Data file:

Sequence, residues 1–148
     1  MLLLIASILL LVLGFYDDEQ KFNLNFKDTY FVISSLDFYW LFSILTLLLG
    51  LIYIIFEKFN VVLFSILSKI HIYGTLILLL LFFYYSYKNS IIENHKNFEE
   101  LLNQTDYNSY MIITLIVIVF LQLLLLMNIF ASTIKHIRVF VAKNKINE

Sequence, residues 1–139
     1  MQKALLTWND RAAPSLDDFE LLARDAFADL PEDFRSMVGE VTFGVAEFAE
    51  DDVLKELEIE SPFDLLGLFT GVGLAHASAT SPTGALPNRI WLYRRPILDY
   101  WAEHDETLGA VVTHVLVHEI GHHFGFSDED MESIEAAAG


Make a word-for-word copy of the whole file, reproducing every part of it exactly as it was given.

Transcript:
Sequence, residues 1–148
     1  MLLLIASILL LVLGFYDDEQ KFNLNFKDTY FVISSLDFYW LFSILTLLLG
    51  LIYIIFEKFN VVLFSILSKI HIYGTLILLL LFFYYSYKNS IIENHKNFEE
   101  LLNQTDYNSY MIITLIVIVF LQLLLLMNIF ASTIKHIRVF VAKNKINE

Sequence, residues 1–139
     1  MQKALLTWND RAAPSLDDFE LLARDAFADL PEDFRSMVGE VTFGVAEFAE
    51  DDVLKELEIE SPFDLLGLFT GVGLAHASAT SPTGALPNRI WLYRRPILDY
   101  WAEHDETLGA VVTHVLVHEI GHHFGFSDED MESIEAAAG